Vater der Liebe, ein Ton
seinem Ohre vernehmlich,
so erquicke sein Herz!
Öffne den umwölkten Blick
über die tausend Quellen
neben dem Durstenden
in der Wüste!
If there is on your psaltery,[3]
Father of love, one note
his ear can hear,
then refresh his heart!
Open his clouded gaze
to the thousand springs
next to him who thirsts
in the wilderness!


  1. ^ George S. Bozarth, Brahms Studies
  2. ^ Michael Musgrave, The Cambridge Companion to Brahms
  3. ^ translations differ on whether 'auf deinem Psalter' means 'on your psaltery' (an old instrument like a small harp) or 'in your psalter' ('in your book of psalms').


The Alto Rhapsody is not frequently performed in concert, perhaps because of the expense of hiring a soloist and chorus for a short piece, but it has been recorded many times both by contralto and mezzo-soprano singers. A selection of recordings available 2012 illustrates the wide range of tempi adopted by different interpreters of the Rhapsody, with playing times ranging from 11 minutes 45 seconds to 16 minutes 10 seconds.

Arnold Schoenberg Choir
Vienna Philharmonic Orchestra
Conductor: James Levine
Duration: 12:38
Performance Date: 1995
John Alldis Choir
London Philharmonic Orchestra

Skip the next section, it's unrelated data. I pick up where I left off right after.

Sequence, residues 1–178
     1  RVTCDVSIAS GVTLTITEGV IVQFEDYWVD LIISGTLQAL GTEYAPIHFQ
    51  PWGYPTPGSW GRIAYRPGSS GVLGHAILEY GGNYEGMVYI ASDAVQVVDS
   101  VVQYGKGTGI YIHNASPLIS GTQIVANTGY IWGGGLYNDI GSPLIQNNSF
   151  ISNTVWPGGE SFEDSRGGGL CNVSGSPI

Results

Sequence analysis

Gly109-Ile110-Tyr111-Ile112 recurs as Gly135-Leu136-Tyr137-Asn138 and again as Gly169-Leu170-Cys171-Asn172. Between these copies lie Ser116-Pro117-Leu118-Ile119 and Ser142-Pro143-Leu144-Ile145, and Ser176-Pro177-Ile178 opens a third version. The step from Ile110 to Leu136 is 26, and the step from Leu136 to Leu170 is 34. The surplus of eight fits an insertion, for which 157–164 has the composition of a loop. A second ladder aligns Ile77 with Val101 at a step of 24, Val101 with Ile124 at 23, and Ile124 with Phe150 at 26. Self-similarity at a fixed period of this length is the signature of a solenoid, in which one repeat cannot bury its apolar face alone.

Conductor: Sir Adrian Boult
Duration: 11:45
Prague Philharmonic Chorus
Czech Philharmonic Orchestra
Conductor: Giuseppe Sinopoli
Duration: 14:28
London Philharmonic Orchestra and Male Choir
Conductor: Clemens Krauss
Duration: 15:53
Performance Date: December 1947
Finnish Radio Symphony Orchestra and Male Choir
Conductor: Paavo Berglund
Duration: 14:49
Performance Date: 1961
  • Soloist: Ann Hallenberg
Collegium Vocale Gent
Orchestre des Champs-Elysées
Conductor: Philippe Herreweghe
Duration 11:15
Atlanta Symphony Orchestra & Chorus
Conductor: Robert Shaw
Duration: 14:01
Philharmonia Orchestra & Chorus
Conductor: Otto Klemperer
Duration 12:27
Wiener Singverein
Wiener Philharmoniker
Conductor: Karl Böhm
Duration 16:10
Philadelphia Orchestra
Conductor: Eugene Ormandy
Duration: 13:10
Ensemble a sei voci
Ensemble Orchestral de Paris
Conductor: John Nelson
Duration: 12:14
Royal Male Choir, "Apollo"
Royal Concertgebouw Orchestra
Conductor: Eduard Van Beinum
Duration: 12:43
Performance Date: February, 1958
Ernst Senff Chor
Berliner Philharmoniker
Conductor: Claudio Abbado
Duration: 13:04
Monteverdi Choir
Orchestre Révolutionnaire et Romantique
Conductor: John Eliot Gardiner
Duration: 12:57
Performance Date: November 2007
Houston Symphony Orchestra & Chorus
Conductor: Christoph Eschenbach
Duration: 13:55
Men of the Oslo Philharmonic Chorus
Oslo Philharmonic Orchestra
Conductor: Erik Tuxen
Duration: 13:10
Performance Date: 14 October 1949
The Occidental College Chorus
Columbia Symphony Orchestra
Conductor: Bruno Walter
Duration: 12:25
Performance Date: 11 January 1961
BBC's Men's Chorus
BBC Symphony Orchestra
Conductor: Sir Adrian Boult
Duration: 13:51
Performance Date: 1968
  • Soloist: [Elana Joan Cara[1]]
Piano: Brian Zeger
Duration: 8:55
Performance Date: 1988


  • West, Ewan: Notes to EMI CD CDM 7 69650 2
  • Stone, John: Notes to HMV CD 5 68014 2

External links